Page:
Shops have the potential to take us down memory lane.  As a teenager in the North East, me and a group of friends would take the hour long bus ride into Newcastle city centre to visit the numerous record shops there. Pet Sounds, just outside Eldon Square, was one of the favourites – it was about the size of your average living room, in the basement of a terrace building. We’d shuffle in and spread out across the store looking for new albums, records, collector’s 12 inch discs.


After a long day hunting round the city centre we’d climb back on the bus with bags of records under our arms and a copy of Viz for the journey back. I’ll take that any day, over sharing a playlist on Spotify.

Saher Samman, founder of Terracotta Row


Being able to physically meet, connect and communicate with my client base has been essential in helping to grow my design practice, and also keep me sane and happy over the years whilst I work so hard to grow the brand. Not only does physically experiencing my products create a connection and desire by the consumer, it also allows me to learn from them, get feedback, and help develop my designs. Some customer requests have become key design features of the products over time! This simply can’t happen remotely!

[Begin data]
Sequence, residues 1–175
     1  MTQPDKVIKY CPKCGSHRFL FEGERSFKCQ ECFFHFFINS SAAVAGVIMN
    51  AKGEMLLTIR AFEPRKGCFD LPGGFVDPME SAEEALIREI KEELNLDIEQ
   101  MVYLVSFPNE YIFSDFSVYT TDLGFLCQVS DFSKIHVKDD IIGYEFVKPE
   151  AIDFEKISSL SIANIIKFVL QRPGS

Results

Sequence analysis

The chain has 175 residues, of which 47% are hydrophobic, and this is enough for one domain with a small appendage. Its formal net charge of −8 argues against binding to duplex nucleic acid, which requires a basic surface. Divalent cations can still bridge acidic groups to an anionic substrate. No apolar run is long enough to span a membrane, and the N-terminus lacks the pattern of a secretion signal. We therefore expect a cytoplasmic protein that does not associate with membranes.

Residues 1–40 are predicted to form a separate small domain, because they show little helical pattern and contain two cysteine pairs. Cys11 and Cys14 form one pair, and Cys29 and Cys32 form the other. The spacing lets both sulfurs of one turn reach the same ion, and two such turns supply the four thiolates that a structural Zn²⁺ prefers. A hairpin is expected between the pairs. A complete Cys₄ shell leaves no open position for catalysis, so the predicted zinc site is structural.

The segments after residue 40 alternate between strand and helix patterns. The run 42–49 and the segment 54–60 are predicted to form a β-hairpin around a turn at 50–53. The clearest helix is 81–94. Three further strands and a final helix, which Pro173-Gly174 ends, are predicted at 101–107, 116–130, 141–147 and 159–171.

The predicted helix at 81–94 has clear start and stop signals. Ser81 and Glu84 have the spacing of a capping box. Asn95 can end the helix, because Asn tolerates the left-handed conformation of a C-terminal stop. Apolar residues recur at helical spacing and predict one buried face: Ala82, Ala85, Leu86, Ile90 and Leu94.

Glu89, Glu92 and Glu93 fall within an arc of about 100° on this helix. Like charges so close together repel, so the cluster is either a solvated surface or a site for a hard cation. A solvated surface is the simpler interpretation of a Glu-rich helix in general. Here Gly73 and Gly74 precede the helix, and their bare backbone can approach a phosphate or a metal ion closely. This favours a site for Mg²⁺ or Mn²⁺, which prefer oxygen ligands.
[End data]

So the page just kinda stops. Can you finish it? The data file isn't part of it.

Jess Kilubu, founder of Kilubukila


Altogether, at my current stage a physical presence is better for my business. That’s why I am looking to open a showroom in Kinshasa. Where people will be able to meet us, talk about the product and the creation/ production processes. We also intend to give workshops and serve food. But the DRC is in a relatively covid free zone. In a European/London context I am not looking for a physical presence but am relying on resellers placing my products and increasing my online presence.


Physical presence is better for the business but due to successive lockdowns I see it as very risky today and prefer investing in pop-ups markets like the great ones organised by Hemingway and also develop and sharpen my digital assets in studio photo shootings where people can relate seeing my products placed in interiors.


Veena Isoaho, founder of Coromandel Coast Coffee